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A World on the Move
Queering Faith
Igniting Change

Immersion Blogs


Holy Places and Dispersements an Immersion in the Middle East

By | Holy Places and Displacements, Immersions | No Comments

Winford Horsley is an M.Div student at the Pacific School of Religion.

My immersion trip to the Palestine/Israel was both exhilarating and heartbreaking.  As a practicing non-denominational Christian Minister and an Interfaith Hospital Chaplain, having the awesome opportunity of visiting sacred holy sites made Biblical Scripture come alive.  For example visiting the Jordan River where Jesus Christ was baptized by John the Baptist was a surreal experience.  We also spent a couple of days in Nazareth which is where Jesus lived and thrived for almost twenty-seven of his thirty-three years on earth.  Walking the streets of Nazareth caused me to reflect and reimagine what his life might have been like for Jesus Christ as a child and young adult long before he would be known by some as the Messiah or the King of Jews.

Tracing further the steps of Jesus from his birth to his crucifixion, as the stories are told in the Gospels, was a dream come true.  It was a deeply moving religious experience.  I was blessed immeasurably and greatly humbled to be able to share this experience with so many people from all walks of life.

The heartbreaking aspect of my immersion excursion involved witnessing firsthand the many types of racial, economic, and religious disparities that exist in the region.  For instance I saw the devastating consequences of some of the indigenous Palestinians being dispersed, displaced and left without land and homes that had been in their families for decades.  This was due to the often violent takeover of their land by the Israeli Government in order for the government to make room for Jewish settlements and communities.  Hearing people describe so many of these stories left me feeling sad, confused, angry and heartbroken.  Witnessing a region of the world so utterly divided by strong lines of demarcation such as walls and roadways was difficult to witness and absorb.  As we navigated throughout Jerusalem, Nazareth, Jericho, and Bethlehem security check points carried out by Israeli soldiers with assault weapons were common place.  So much of what I witnessed was very reminiscent of the racism against African Americans during pre and post slavery as well as the Jim Crow segregation laws that existed in our own country not too long ago.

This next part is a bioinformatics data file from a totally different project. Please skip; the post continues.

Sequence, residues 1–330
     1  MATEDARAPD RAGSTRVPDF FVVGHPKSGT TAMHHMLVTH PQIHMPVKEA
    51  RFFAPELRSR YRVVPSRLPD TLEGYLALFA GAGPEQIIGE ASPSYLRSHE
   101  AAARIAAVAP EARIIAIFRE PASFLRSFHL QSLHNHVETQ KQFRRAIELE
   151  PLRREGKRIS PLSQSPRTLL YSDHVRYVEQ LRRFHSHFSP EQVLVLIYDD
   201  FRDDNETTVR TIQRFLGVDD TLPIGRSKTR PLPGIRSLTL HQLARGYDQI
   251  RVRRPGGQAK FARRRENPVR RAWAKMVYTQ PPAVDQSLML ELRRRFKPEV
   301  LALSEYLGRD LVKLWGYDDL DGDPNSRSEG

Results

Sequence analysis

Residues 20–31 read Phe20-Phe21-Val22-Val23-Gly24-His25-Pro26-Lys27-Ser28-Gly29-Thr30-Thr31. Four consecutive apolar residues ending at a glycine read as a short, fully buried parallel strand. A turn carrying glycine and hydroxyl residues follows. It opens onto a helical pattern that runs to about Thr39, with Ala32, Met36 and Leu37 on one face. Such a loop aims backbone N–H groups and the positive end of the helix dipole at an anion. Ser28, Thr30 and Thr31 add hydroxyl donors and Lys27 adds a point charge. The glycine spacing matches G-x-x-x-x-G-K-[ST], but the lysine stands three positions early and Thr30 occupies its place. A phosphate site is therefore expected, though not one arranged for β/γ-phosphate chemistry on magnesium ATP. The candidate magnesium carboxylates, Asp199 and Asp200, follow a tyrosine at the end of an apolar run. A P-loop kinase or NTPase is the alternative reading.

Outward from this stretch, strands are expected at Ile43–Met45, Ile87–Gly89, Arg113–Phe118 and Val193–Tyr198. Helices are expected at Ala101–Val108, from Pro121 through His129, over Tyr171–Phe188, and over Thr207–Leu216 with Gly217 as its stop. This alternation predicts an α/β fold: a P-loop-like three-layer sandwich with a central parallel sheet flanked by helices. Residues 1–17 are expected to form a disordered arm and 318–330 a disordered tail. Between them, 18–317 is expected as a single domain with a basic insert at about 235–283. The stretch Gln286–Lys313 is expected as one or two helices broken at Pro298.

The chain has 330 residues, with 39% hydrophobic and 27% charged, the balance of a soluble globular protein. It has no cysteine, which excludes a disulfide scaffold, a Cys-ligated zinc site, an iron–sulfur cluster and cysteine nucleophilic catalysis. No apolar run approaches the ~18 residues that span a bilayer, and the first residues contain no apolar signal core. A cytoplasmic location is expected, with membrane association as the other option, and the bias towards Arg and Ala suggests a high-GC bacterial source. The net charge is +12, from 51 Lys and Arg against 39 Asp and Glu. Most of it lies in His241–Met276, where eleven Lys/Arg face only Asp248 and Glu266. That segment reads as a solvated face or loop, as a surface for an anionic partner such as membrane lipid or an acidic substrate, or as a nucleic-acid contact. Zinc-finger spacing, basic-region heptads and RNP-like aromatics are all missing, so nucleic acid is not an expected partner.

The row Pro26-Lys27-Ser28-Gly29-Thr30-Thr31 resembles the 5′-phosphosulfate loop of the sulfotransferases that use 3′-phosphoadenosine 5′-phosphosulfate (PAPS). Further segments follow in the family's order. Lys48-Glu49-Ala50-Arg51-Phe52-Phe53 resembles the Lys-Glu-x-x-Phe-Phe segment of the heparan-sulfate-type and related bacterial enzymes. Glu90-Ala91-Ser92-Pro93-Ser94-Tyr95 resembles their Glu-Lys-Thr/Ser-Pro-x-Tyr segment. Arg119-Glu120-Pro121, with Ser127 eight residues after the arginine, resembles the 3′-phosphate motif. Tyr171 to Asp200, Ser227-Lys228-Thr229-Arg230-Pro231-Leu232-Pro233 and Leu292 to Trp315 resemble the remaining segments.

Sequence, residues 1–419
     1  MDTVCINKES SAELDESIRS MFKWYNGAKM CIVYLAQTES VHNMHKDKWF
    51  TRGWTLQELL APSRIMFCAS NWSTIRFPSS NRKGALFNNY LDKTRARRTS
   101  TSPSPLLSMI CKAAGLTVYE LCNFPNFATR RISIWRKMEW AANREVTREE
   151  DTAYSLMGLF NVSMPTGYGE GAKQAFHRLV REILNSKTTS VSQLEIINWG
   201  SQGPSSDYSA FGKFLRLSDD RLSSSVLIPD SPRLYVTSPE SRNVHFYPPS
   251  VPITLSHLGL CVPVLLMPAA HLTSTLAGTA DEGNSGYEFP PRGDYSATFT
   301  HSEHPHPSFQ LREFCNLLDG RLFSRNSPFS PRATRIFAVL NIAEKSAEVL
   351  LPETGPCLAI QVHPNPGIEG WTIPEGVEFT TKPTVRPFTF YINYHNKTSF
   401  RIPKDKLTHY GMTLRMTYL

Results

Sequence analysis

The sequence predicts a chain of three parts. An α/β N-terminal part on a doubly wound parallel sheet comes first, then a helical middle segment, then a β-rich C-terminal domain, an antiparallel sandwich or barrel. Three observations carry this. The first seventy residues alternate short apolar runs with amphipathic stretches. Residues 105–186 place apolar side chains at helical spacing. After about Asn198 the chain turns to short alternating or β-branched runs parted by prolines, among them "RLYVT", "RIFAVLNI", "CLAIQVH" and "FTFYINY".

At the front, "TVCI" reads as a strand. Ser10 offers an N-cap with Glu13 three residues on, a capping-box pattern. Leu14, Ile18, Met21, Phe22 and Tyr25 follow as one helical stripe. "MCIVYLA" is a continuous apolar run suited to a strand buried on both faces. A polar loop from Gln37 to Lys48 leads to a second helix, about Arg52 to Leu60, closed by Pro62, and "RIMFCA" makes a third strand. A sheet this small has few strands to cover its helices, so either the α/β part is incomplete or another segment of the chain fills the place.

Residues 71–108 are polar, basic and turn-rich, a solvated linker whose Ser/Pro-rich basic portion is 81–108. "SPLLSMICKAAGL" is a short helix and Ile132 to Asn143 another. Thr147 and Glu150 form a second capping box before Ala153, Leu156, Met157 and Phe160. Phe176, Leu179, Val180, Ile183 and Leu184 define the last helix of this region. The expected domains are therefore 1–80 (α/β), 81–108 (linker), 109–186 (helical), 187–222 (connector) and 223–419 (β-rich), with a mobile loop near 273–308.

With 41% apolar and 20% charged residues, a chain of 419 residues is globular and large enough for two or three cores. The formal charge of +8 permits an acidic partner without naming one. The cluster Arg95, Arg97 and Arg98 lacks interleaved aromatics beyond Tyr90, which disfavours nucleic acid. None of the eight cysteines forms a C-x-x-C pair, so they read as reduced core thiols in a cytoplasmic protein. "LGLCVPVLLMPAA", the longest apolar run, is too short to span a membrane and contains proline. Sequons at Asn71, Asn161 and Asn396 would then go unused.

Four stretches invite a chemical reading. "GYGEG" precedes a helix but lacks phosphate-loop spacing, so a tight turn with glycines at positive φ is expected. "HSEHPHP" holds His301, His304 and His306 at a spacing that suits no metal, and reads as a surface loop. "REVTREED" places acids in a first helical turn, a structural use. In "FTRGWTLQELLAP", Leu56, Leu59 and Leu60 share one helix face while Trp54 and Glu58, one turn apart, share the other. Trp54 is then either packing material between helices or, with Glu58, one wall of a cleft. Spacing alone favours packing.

This immersion trip to the Middle East left me with so many conflicting emotions and feelings that quite frankly I am still trying to process and understand.  What I am clear about however, is that I have an even stronger resolve to treat people the way I would want to be treated.  I plan to share my thoughts and experiences with some members of my local church congregation and with some of my patients within the context of my work as an Interfaith Hospital Chaplain.

I still believe in a two state solution for my brothers and sisters in Israel/Palestine.  I am stubborn enough and have faith enough in God to believe that God can do anything under the sun.  I purposely choose to believe that all things are possible.

Fear and Loathing in Jerusalem